People v. Mitchell, 83SA224

Citation678 P.2d 990
Case DateMarch 05, 1984
CourtSupreme Court of Colorado

Page 990

678 P.2d 990
The PEOPLE of the State of Colorado Plaintiff-Appellant,
Robert D. MITCHELL Defendant-Appellee.
No. 83SA224.
Supreme Court of Colorado,
En Banc.
March 5, 1984.

Page 991

Robert R. Gallagher, Jr., Dist. Atty., Catherine DiSante, Deputy Dist. Atty., Littleton, for plaintiff-appellant.

Steven Taffet, Denver, for defendant-appellee.

QUINN, Justice.

The People in this interlocutory appeal challenge a ruling of the district court suppressing a vial of cocaine seized from the defendant, Robert D. Mitchell, in the course of a search incident to an arrest based on an erroneously issued arrest warrant for an unpaid traffic fine. The district court held that the arrest warrant was void from the time of its issuance, thereby rendering the arrest and search illegal and requiring the suppression of the evidence seized incident to the arrest. We affirm the suppression ruling.


The pertinent facts are not in dispute. On December 18, 1982, Officer Mark Sigler of the Greenwood Village Police Department stopped the defendant for driving seventy-five miles per hour in a fifty-five mile zone. The officer took the defendant's driver's license and, in keeping with routine procedure, went back to his police vehicle in order to inquire of the police dispatcher whether there were any outstanding warrants for the defendant. The dispatcher scanned a computer screen and informed Officer Sigler that there was an outstanding Greenwood Village arrest warrant for the defendant's failure to pay a previous traffic fine. The dispatcher then manually examined the warrant file at the police station and confirmed the outstanding arrest warrant for the defendant.

Officer Sigler arrested the defendant on the outstanding warrant and took him to the Greenwood Village police station where he was searched. A small cylindrical vial

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containing cocaine was seized from one of the defendant's pockets, and the defendant was charged with possession of a controlled substance. 1 It was later determined that the Greenwood Village warrant had been issued in error, since the defendant had actually paid the traffic fine prior to the issuance of the warrant.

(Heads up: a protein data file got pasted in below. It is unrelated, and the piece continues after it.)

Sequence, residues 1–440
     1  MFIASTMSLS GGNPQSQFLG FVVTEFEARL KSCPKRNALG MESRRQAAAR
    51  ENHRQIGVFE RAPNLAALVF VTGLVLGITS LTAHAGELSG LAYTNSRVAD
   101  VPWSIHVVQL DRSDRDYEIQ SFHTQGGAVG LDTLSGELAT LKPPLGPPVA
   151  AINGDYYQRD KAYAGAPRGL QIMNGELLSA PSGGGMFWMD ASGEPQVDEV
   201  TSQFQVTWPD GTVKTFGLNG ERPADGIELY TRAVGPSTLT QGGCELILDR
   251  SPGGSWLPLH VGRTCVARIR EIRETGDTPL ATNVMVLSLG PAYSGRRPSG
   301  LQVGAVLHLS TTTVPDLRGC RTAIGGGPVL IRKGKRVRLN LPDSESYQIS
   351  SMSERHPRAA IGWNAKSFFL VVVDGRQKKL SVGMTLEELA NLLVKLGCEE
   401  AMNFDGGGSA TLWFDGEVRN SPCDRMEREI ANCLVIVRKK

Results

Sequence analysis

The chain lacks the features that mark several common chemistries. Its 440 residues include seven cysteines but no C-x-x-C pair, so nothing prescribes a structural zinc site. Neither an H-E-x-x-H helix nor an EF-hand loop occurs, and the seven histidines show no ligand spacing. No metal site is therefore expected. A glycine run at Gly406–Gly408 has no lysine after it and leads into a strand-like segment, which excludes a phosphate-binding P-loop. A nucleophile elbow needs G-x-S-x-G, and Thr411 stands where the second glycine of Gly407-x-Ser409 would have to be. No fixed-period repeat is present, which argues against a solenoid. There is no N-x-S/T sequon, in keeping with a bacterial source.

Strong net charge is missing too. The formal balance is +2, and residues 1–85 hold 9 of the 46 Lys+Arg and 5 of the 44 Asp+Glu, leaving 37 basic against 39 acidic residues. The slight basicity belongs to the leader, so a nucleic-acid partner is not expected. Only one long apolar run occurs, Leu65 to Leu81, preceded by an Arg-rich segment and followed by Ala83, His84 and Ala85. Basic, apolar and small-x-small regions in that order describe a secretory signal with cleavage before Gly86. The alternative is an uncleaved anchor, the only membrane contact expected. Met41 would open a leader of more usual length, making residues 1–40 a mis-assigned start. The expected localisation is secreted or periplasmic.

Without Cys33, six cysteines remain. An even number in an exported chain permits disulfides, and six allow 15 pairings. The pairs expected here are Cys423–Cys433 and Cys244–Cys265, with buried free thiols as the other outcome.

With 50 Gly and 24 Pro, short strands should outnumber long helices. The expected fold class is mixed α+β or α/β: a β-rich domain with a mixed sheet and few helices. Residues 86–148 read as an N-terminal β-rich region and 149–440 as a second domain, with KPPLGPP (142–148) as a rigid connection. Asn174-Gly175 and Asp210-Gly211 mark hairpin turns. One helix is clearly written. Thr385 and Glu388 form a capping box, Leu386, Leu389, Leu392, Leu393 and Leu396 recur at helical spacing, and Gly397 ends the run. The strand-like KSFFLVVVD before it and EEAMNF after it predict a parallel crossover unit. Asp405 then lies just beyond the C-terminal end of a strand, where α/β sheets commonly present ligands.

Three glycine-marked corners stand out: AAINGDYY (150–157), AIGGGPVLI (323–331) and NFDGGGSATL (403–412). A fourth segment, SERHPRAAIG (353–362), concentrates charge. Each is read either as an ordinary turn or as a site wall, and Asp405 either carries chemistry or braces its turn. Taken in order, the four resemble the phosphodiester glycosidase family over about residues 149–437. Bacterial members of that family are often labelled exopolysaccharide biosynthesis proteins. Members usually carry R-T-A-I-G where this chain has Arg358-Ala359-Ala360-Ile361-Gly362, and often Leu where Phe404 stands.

The defendant filed a motion to suppress. Conceding that the initial stop for speeding was valid, the defendant asserted that the seizure of the cocaine was the product of an unconstitutional arrest based on an invalid arrest warrant. The People acknowledged at the suppression hearing that the defendant had timely paid the traffic fine and that the Greenwood Village warrant had been issued in error. The district court ruled that the defendant's arrest was based on a warrant that was void from its issuance and accordingly suppressed any evidence seized from the defendant at the station house as the product of an unconstitutional arrest. 2

The People challenge the suppression ruling on the basis of section 16-3-308, C.R.S.1973 (1983 Supp.), which provides that evidence otherwise admissible in a criminal proceeding shall not be suppressed when seized by a peace officer as a result of a "good faith mistake" or "technical violation." The defendant, in contrast, contends that an arrest based upon an invalid warrant does not qualify as a "good faith mistake" or "technical violation" within the meaning of section 16-3-308. We conclude that section 16-3-308 does not apply to an arrest based on a warrant void from its inception due to the absence of any cause whatever for its issuance.